Tuesday, October 30, 2007

Who is my mother and who are my brothers?

Yesterday morning, I was reading from the 12th chapter of the book of Matthew in the Christian Bible. (Matthew was a tax collector who became one of the Lord Jesus’ first disciples). According to Matthew, Jesus was speaking to a crowd when someone told him, “your mother and brothers are waiting outside.” The passage continues:

“He replied to him, ‘Who is my mother and who are my brothers?’ Pointing to his disciples he said, “Here are my mother and my brothers. For whoever does the will of my Father in heaven is my brother and sister and mother.”

My ‘Life Application Study Bible’ explains that “Jesus was not denying his responsibility to is earthy family [but only] pointing out that spiritual relationships are as binding as physical ones.” I have long pondered this passage, and I am not convinced.

Wives and children, mothers and fathers play ambivalent roles in the lives of great religious teachers. We hear little about Jesus’ relationship with his mother, father and brothers in the Holy Bible, though his mother is venerated by Roman Catholics. The Lord Buddha abandoned his wife and young son in his late twenties, to seek enlightenment. Gandhi took a vow of celibacy at about the same age. He remained married but his mission clearly took priority over wife and children. The wife of the Quaker scholar and organizer Rufus Jones died while Jones was traveling, lecturing and organizing. The founder of the Society of Friends, George Fox, married Margaret Fell who, herself, became a great Quaker leader, but there is little evidence that they spent much time together. The rules of monastic orders and the Roman Catholic Priesthood are predicated on the belief that the highest form of religious life can not include a wife and children. I need to devote more time to studying the family life of the Prophet Mohammed, in whose life wives and children do seem to have played more major role.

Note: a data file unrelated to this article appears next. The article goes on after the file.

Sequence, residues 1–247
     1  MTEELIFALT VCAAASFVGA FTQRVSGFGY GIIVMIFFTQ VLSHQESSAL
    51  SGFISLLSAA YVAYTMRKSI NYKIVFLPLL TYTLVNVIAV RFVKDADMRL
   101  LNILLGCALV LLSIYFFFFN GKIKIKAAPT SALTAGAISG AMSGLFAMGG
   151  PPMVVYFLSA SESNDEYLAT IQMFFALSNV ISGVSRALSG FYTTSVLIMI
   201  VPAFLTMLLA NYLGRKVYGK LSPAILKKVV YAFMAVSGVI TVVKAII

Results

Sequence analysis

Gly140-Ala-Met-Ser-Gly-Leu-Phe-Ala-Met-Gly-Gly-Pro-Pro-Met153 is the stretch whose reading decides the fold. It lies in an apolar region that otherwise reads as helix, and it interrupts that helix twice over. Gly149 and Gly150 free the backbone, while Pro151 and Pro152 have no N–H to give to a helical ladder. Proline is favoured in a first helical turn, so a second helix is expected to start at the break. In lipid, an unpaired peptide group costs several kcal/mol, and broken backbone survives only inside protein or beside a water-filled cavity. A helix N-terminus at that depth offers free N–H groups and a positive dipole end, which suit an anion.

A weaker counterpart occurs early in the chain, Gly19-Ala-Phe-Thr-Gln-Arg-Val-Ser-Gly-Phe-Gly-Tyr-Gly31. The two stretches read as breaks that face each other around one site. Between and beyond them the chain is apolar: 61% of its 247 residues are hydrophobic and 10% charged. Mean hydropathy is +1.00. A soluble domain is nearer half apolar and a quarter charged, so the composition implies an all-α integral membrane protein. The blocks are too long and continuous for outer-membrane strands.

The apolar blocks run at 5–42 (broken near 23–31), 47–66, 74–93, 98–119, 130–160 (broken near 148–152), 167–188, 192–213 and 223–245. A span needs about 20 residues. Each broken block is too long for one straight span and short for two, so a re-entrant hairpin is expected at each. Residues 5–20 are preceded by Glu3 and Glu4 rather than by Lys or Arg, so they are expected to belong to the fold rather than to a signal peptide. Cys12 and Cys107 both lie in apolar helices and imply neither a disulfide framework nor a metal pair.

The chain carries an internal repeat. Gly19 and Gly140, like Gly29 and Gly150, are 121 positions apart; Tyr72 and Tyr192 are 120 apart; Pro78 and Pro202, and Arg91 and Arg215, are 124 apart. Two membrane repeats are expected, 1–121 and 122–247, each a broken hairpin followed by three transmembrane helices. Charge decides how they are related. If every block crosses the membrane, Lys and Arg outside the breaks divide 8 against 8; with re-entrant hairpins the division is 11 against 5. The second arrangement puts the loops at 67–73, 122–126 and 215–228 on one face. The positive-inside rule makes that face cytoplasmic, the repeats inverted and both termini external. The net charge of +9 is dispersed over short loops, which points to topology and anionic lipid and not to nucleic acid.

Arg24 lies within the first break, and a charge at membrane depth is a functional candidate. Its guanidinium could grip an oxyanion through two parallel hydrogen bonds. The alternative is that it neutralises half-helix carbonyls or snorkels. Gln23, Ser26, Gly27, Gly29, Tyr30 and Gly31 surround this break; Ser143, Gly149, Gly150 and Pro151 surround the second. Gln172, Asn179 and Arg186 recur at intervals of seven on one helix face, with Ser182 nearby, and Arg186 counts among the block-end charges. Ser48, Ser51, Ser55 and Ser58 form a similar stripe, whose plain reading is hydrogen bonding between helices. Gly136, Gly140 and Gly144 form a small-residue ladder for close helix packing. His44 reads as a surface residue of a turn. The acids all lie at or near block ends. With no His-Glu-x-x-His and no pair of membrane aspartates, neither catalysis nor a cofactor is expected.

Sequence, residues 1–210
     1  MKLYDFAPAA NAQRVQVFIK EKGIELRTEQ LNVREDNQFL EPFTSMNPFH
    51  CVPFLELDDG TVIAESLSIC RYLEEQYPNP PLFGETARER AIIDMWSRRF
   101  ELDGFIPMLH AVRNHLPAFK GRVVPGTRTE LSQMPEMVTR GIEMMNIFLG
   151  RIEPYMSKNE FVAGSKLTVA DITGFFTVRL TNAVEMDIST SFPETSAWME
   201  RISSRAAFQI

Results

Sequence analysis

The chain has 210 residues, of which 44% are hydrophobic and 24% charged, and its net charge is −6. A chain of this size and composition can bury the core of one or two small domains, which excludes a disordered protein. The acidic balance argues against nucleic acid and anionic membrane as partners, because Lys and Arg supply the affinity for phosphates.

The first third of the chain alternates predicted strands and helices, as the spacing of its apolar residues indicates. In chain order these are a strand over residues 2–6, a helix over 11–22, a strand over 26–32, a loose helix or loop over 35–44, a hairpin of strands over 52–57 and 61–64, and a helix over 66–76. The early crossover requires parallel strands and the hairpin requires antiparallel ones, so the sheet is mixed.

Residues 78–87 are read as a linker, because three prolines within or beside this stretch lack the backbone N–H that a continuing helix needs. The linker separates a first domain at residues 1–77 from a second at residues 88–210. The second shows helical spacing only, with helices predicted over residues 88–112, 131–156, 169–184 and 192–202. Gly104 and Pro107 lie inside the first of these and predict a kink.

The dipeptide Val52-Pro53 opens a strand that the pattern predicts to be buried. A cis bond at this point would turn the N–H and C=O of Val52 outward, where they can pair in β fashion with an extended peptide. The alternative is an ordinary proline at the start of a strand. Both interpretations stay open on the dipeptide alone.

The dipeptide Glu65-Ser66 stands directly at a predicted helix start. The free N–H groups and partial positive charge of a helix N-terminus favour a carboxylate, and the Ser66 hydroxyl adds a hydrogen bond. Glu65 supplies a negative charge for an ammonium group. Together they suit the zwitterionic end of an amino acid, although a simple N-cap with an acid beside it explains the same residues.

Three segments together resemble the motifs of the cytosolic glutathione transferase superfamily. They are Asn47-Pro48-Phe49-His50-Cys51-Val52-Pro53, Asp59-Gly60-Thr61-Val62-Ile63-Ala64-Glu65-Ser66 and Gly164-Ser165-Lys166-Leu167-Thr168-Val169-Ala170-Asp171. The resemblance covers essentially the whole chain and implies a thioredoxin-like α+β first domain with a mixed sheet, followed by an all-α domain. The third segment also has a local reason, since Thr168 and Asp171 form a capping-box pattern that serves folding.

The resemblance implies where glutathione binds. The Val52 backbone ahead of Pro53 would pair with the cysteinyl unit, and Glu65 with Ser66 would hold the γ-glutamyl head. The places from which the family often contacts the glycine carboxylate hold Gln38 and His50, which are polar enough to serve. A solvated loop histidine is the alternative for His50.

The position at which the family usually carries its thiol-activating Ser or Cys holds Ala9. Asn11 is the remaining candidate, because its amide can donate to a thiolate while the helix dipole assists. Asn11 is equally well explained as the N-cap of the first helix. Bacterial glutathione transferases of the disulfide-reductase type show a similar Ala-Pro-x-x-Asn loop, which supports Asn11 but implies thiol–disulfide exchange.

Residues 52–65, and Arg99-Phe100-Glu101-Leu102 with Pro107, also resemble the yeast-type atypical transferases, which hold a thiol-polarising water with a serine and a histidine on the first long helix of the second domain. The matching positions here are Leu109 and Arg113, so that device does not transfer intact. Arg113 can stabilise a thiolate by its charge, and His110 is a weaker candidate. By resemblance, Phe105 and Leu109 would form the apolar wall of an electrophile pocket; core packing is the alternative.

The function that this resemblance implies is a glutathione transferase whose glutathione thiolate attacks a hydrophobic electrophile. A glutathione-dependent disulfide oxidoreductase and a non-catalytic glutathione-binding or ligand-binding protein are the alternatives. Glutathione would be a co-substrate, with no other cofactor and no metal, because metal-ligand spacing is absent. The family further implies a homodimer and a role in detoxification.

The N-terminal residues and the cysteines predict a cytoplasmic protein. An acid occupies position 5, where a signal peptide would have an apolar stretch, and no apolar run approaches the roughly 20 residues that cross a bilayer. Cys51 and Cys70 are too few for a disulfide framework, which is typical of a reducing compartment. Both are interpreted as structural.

“Who is my father?”
“Who is my mother?”
“Who are my sisters and brothers?”
“Who are my children and grandchildren.”
“What are my obligations to them, especially when those obligations conflict with other life callings and obligations?”

For one seeking to live a committed life these are questions to ponder. The answers do not seem simple, or easy.

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